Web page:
Medical Abbreviations can be scary

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Have you ever tried to read a prescription from your doctor and wondered if it was written in a foreign language? You are not alone. Aside from poor penmanship, medical abbreviations can make any type of notes from a doctor seem illegible to the average person. However, these abbreviations are meant to be universally understood in the medical community, so they appear frequently on prescriptions, in medical records, and on charts.

Unfortunately, simple abbreviations can also lead to medical errors. For example, Dr. Fred N. Pelzman shared in a recent article how he had seen a woman in a follow-up visit after she went to the emergency room. Her records indicated she was a patient “with morphine sulfate,” which did not seem particularly important to him initially. However, upon closer examination, the doctor realized the patient had multiple sclerosis, which was likely abbreviated to MS and then reinterpreted to mean “morphine sulfate.”

“Often, when patients’ charts are dictated by a physician, I’ve seen the following notation added to the end of their consult letters: ‘Letter dictated but not read for accuracy to expedite care,’” Dr. Pelzman writes. “That scares the heck out of me.”

Understanding Common Medical Abbreviations

As a patient, you may notice a range of abbreviations used throughout your medical records. Some of the common medical abbreviations include:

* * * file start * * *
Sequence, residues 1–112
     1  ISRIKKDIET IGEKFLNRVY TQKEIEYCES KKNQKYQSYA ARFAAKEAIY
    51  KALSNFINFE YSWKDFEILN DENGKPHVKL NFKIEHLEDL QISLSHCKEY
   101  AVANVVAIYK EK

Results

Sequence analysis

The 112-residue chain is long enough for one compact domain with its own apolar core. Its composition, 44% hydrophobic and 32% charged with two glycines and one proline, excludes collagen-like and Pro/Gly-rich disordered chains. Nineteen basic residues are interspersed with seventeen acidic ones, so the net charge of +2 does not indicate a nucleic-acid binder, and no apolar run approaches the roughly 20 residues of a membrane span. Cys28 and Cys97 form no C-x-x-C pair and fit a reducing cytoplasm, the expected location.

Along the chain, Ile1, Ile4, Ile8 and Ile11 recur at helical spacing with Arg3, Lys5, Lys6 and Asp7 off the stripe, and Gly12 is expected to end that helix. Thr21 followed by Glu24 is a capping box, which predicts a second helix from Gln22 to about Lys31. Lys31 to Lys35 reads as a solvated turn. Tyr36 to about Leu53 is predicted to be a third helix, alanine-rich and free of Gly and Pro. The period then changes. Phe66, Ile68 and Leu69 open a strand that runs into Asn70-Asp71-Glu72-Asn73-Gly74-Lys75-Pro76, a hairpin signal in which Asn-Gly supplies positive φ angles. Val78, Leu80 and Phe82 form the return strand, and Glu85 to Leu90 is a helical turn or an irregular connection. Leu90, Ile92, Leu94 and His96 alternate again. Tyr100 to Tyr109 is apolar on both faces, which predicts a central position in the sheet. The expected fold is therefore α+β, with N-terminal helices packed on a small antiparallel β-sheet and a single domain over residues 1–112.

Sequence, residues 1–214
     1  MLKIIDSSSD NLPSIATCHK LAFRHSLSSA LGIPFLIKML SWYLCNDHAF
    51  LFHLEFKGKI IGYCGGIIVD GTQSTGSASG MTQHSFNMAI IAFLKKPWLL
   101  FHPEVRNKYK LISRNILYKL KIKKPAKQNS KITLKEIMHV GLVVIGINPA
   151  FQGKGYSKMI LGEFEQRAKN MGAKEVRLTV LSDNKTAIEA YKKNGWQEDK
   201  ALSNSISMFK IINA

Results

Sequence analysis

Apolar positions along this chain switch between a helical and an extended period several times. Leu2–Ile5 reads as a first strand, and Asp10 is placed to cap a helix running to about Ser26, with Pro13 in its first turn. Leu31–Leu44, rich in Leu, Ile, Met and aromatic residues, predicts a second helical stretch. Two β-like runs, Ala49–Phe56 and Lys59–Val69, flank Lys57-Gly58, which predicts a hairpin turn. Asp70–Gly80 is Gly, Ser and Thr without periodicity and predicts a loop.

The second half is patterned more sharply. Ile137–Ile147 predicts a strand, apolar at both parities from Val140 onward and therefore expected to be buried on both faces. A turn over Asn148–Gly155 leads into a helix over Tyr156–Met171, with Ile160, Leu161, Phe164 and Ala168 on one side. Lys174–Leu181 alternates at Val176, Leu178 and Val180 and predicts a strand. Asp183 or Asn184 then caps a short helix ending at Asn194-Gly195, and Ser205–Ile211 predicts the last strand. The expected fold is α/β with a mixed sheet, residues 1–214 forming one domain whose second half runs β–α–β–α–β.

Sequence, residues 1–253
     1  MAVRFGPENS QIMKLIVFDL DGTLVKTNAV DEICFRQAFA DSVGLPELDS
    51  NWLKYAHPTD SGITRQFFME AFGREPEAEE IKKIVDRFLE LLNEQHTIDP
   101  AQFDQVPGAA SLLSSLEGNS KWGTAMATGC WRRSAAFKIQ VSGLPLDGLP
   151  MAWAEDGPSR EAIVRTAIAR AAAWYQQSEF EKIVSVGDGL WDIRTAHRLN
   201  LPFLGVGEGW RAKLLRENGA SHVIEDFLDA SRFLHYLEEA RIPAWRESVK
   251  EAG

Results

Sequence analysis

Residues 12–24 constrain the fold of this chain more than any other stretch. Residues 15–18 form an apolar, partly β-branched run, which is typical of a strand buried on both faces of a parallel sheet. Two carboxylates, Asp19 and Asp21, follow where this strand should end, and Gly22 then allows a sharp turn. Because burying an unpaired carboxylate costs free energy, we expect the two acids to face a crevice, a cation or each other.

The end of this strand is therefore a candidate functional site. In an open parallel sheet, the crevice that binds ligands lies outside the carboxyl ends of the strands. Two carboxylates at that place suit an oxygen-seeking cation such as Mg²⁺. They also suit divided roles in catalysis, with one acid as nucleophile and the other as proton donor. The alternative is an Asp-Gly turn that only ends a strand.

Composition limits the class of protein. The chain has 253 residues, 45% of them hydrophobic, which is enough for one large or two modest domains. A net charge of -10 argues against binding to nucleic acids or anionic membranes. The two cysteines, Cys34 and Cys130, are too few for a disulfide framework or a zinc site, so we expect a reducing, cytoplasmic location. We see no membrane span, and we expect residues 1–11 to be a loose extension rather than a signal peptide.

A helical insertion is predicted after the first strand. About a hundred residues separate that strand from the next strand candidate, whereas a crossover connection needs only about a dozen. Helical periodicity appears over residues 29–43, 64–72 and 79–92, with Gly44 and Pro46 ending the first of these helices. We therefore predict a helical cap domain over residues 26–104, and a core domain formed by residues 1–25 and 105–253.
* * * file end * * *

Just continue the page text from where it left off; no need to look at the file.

• ac: before meals
  • ad lib: at will, as desired
  • adm: admission, admitted
  • ANED: alive no evidence of disease
  • bid: twice a day
  • BM: bowel movement
  • BP: blood pressure
  • BRP: bathroom privileges
  • cap: capsule
  • CC: chief complaint
  • cc: cubic centimeter
  • c/o: complains of
  • CXR: chest X-ray
  • d/c: discontinue or discharge
  • fx: fracture
  • HA: headache
  • H & P: history and physical
  • HR: heart rate
  • hr: hour
  • hs: hour of sleep or bedtime
  • I & O: intake and output
  • JT: Joint
  • MVA: motor vehicle accident
  • NPO: nothing by mouth
  • N/V: nausea or vomiting
  • OD: right eye
  • OS: left eye
  • OU: both eyes
  • pc: after meals
  • po: by mouth
  • prn: as needed
  • pt: patient
  • qd: every day
  • qh: every hour
  • qid: four times a day
  • qod: every other day
  • s: without
  • SOB: short of breath
  • s/s: signs and symptoms
  • stat: immediately
  • sx: symptoms
  • tab: tablet
  • T: temperature
  • TPR: temperature, pulse, respiration
  • vs: vital signs

If you have any questions about abbreviations or concerns about mistakes in your record, you should not hesitate to talk to your doctor about it.

Have You Been Harmed by a Medical Error?

If you or a loved one has suffered an injury or illness due to a medical error on the part of a doctor or other health care professional, you should learn about your legal rights. At Baker & Gilchrist, our experienced attorneys are committed to fighting for the rights of patients who have been harmed by medical malpractice.

Our trusted team can review the details of your claim in a free consultation and explain your options for moving forward. Please call us at 1-866-657-7239 or contact us online to get started.


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